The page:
An ICC Investigation of Possible War Crimes in Palestine Could Benefit All Involved

Israeli Prime Minister Benjamin Netanyahu has preemptively dismissed the findings of the United Nations Commission of Inquiry into last year’s Gaza conflict as “a baseless automatic accusation” not worth wasting the time to read. But he should remember one thing: the International Criminal Court (ICC) is currently examining whether war crimes and crimes against humanity have been committed in Palestine since June 2014. Like it or not, the commission’s report will now be considered, along with a panoply of other evidence, as the court’s analysts and investigators pursue their probe.

The Obama administration and Israel have butted heads on other issues, yet they are united in opposing the ICC’s role in Palestine. But their most oft-cited objections—that the court is biased against Israel, and that a criminal investigation will disrupt the “peace process”—are baseless.

There is, unfortunately, no ongoing negotiation to disrupt. To the contrary, by placing pressure on both sides to address crimes, an ICC investigation might even kickstart a peace process that has sputtered to a standstill. And the claim of bias is a canard. As the prosecutor, Fatou Bensouda, has made clear, the ICC examines suspected crimes by all parties, both Palestinian and Israeli. That is the way the court works.

The more important question is whether the ICC can contribute to accountability in a situation where impunity has reigned for years. And that is by no means certain.

The challenges are daunting. Can the ICC get access to the territory? Media reports suggest court staff are seeking to visit Palestine in the next month. Will Israel, which controls access, let them in?

Then there are the vexing legal issues. Is Palestine even a state? If so, what is the extent of the territory over which the ICC may exercise its authority?

Attributing individual criminal responsibility for urban violence in last summer’s Gaza conflict is difficult enough. How to do so for the decades-long policy by which Israel has settled hundreds of thousands of its citizens in Palestine? The court’s temporal jurisdiction in this case extends back to June 2014, but the longer history of Israeli settlements may well be relevant as evidence of alleged crimes involving the transfer of civilians into occupied territory.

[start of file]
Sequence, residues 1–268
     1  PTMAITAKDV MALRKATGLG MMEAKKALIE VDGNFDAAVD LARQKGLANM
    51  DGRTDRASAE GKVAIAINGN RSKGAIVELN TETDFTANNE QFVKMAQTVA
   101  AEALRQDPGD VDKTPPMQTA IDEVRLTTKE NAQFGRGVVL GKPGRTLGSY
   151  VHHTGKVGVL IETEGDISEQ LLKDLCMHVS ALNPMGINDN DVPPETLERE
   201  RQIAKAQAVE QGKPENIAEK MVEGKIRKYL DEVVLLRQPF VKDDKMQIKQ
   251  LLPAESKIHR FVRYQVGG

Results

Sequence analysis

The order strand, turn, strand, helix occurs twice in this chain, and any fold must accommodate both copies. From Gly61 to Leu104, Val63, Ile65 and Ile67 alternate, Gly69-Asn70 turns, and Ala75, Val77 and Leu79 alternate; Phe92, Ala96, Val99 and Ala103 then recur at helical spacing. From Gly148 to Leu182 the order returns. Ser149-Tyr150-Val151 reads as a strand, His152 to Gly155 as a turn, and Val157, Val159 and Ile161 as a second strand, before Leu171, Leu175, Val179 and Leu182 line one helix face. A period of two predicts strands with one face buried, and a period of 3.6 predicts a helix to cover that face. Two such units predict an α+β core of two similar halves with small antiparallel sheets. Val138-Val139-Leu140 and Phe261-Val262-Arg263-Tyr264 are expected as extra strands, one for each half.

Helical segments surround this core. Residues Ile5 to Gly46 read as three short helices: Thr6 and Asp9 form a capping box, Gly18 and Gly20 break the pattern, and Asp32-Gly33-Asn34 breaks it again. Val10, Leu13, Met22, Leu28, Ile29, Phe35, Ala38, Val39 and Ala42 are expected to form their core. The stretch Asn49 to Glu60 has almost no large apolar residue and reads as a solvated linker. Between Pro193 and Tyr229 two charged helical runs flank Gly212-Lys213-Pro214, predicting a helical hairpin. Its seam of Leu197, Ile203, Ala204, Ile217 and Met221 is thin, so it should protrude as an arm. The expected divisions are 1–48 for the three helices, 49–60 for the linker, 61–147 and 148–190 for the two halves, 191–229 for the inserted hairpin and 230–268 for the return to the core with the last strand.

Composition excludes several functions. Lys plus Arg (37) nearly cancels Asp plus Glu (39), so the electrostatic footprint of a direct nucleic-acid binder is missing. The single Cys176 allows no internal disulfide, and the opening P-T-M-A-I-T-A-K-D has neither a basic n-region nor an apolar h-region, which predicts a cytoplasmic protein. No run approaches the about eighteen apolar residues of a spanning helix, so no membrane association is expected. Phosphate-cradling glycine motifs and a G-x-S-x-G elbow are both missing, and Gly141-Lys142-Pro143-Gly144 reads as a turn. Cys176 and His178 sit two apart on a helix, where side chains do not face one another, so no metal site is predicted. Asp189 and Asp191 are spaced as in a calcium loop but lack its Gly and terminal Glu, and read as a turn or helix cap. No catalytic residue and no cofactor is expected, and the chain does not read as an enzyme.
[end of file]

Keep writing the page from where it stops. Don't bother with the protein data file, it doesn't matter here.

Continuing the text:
Finally, there is the question of competence. Can the court, which has stumbled in Africa—dropping charges against Kenya’s President Kenyatta, and putting on hold its case against Sudan’s President Bashir—achieve success where so many have failed before it?

For the parties, the ICC offers not just problems, but opportunities.

Will Israel, whose prime minster has warned that “Israel will not have its hand tied by a politicized ICC,” show that it can render justice for crimes committed in last summer’s war—and thus that the ICC is not needed?

The early results are not promising. Just two weeks ago, Israel’s military advocate general said that no criminal charges would be filed or disciplinary action taken against those involved in airstrikes that killed four young boys as they played on a Gaza City beachfront, an episode that spurred worldwide condemnation. The Israeli Defense Forces also ended investigations of other suspected crimes, including an Israeli attack that killed at least eight members of the Najjar family in their home in the Gaza city of Khan Younis.

For Palestine, the ICC provides a chance to persuade the world to take seriously its aspirations for statehood. This would require, among other things, that different political factions rise above internecine conflict and punish criminals who, as recently as several days ago, launched rockets at Israeli civilians across the border.

And for Washington, the ICC’s inquiry is a way to demonstrate its commitment to justice for all, even when one of its closest allies comes under scrutiny. Rather than disparage the process, President Obama might recall his advice five years ago to Kenya’s leaders, just as the ICC turned its attention to that country’s violence, to “cooperate fully with the ICC investigation” and “mov[e] away from impunity and divisionism toward an era of accountability and equal opportunity.”

Members of Congress threatening to cut aid to Palestine should know that, now that the case is before the court, it is the judges—not any individual prosecutor or government—who will ultimately decide whether a formal investigation is launched and where it leads.

Allowing the judicial process to run its course seems the least the world can do for victims on all sides of this bitter divide.

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